*Kenzo Takada showed his label Jungle Jap in his small boutique in 1971 and Issey Miyake presented his first pret-a-porter collection in 1973. It appears that Mr Ghesquière was mistaken about Kansai Yamamoto Paris debut

A Disappointing Close

Louis Vuitton could always be counted on to end the four-city fashion season with a bang. So why the cacophonous whimper?


LV AW 2020 P1

We watch the Louis Vuitton live stream once, and then again when it becomes available to view as a post. We are not sure what to make of it. This is a lull season for them, we conclude. Louis Vuitton, closing PFW and marking the end of the four-city rush that makes fashion weeks (in view of the unceasing COVID-19 outbreak, none has cancelled or gone online only), has always been a restorer of our faith in the creativity of fashion when increasingly what’s creative is being redefined or ignored. But what we have thought might be able to reverse the built-up dismay is no longer so. Not this season.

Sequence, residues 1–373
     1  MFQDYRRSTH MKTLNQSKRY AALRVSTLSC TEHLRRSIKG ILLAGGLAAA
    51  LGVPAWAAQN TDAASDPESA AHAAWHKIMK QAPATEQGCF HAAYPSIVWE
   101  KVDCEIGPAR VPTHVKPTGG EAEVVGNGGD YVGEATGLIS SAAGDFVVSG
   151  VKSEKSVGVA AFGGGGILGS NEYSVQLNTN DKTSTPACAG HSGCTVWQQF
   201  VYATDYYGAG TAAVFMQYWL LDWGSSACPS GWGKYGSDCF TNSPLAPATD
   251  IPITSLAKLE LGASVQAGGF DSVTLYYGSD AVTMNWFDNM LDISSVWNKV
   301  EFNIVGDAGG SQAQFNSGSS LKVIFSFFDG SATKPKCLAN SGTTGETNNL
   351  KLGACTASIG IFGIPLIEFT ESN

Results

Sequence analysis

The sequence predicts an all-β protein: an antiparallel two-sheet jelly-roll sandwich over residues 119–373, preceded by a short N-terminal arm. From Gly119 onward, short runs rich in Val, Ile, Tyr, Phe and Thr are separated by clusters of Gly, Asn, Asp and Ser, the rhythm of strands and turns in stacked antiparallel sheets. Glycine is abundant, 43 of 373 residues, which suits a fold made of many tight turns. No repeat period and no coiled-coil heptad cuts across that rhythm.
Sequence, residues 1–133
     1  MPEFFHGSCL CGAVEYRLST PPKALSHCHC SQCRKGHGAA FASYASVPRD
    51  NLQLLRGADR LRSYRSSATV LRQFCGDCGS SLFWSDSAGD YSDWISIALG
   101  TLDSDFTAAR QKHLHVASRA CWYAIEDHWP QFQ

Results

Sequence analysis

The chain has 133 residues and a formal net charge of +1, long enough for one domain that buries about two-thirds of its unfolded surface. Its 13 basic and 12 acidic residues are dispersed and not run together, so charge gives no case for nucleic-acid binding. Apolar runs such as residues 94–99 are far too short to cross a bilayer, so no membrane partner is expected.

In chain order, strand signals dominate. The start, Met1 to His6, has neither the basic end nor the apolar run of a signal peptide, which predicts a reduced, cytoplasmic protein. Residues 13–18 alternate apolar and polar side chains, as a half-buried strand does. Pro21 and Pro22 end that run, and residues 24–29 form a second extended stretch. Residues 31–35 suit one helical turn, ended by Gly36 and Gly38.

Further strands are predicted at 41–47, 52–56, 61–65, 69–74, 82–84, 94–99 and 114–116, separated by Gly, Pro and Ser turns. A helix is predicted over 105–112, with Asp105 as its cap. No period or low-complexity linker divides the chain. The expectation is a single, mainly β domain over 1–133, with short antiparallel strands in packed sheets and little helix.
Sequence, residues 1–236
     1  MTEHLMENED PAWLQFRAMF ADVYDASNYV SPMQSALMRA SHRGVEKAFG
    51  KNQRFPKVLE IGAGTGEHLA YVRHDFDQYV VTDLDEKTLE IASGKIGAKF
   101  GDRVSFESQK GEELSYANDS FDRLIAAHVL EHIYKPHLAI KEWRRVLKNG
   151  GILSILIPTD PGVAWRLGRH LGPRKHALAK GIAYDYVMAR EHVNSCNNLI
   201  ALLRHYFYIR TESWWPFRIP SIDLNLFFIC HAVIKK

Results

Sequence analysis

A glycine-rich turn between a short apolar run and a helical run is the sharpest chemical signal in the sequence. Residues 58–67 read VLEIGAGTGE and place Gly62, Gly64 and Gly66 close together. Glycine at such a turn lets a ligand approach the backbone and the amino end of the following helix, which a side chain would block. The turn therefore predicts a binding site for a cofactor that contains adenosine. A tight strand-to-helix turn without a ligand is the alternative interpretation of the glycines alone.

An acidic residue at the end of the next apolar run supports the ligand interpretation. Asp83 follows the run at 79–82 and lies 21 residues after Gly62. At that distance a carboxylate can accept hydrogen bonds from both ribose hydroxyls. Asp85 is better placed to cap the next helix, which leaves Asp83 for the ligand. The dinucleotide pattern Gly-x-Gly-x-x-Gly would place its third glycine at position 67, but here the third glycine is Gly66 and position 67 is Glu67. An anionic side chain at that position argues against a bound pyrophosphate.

Nicholas Ghesquiere has always been an enthusiastic stirrer of the big fashion pot made increasingly vapid by those who add nothingness into it. Although his debut at Vuitton was not the stuff of fashion legend, he has put his distinctive stamp on the house in these past years: wearable separates that are melanges of fabrics, textures, prints, patterns, all in a delightfully varied mingle of the compulsory past and the fantastic future. But this season, while the blending is still there, they don’t coalesce into anything cracking, certainly not, as before, sublime. Is Mr Ghesquiere saving his better ideas for later by pausing to create a greatest hits, like how it was when sitcoms used to look back at the “best moments” between seasons or when writers were on leave?

LV AW 2020 G1LV AW 2020 G2